This week marks six months since Hurricane Irma hit St Thomas. The storm brought 185mph winds, which took the roofs off thousands of buildings, then just two weeks later Hurricane Maria came, bringing huge downpours of rain. Homes were flooded and the loss was epidemic.
All Hands and Hearts has led the efforts in disaster response since October 2017, helping over 5,000 people and logging more than 46,000 volunteer hours. I have been on the island for 10 days and have logged 100 hours. In this short amount of time, I have already seen so much strength and determination amongst communities across the island. The work is hard, physically and emotionally, it is +30 degrees and a long way from London but I have had the privileged opportunity to get to know the island on a whole new level.
The very first home I worked on was in the neighbourhood of Contant. As we gathered our tools for the day, our team leader briefed us that this project was extremely sensitive. Mr and Mrs Ferguson, an elderly couple, had shipped their 15-sided home over from the mainland, where they were told that it would be strong enough to withstand a hurricane. But when two hit in the same month, the house and the area crumbled. They were trapped in their home for three days with no water and no food. The roads in Contant were completely blocked with debris and it was impossible to get in or out. Mr Ferguson told me that when he was rescued he was so weak that he had to be airlifted straight to Puerto Rico for medical treatment. He was taken so quickly that he lost his wife en-route and had to leave her behind. Mr Ferguson ended up in a shelter in Puerto Rico for several weeks. The shelter held over 1,200 people in one room with only two toilets, while his wife was alone in their home dealing with the devastation the storm had left. Despite this trauma and complete loss, the couple were back together and full of laughter, love and graciousness. They were smiling and sorting through personal belongings while we removed mouldy termite infested walls, floors and ceilings around them. In less than two weeks, I have worked on mucking and gutting, debris removal, quality control and sanitation across six completely unique homes. I’ve learnt the basics of plumbing and mastered several new power tools, but hearing the inspirational stories of the survivors has been the highlight so far. The ability to pick yourself up when your home and life have been torn before your eyes is something that I am finding breathtaking. Many people in St Thomas literally don’t have a roof to sleep under and yet are so positive.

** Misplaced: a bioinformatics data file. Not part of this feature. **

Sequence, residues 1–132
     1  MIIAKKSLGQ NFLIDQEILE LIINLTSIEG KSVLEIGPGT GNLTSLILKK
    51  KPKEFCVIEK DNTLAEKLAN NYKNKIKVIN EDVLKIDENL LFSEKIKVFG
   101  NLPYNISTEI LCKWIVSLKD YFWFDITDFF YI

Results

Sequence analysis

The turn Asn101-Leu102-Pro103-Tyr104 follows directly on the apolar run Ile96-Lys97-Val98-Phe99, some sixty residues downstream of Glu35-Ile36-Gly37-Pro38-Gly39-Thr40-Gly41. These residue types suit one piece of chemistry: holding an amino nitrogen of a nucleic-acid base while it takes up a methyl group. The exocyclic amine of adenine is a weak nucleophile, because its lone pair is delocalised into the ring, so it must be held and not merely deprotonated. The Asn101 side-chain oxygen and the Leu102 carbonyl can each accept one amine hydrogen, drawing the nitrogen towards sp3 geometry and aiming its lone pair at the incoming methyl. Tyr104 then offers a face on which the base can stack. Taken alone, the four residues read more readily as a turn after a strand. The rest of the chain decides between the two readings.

To find out more about the charity or to donate to the efforts that enable the work to continue here on the island of St Thomas visit - www.hands.org/projects/usvi-hurricane-response/
So far, I have 1001 inspiring stories and 1001 mosquito bites...next blog post coming soon.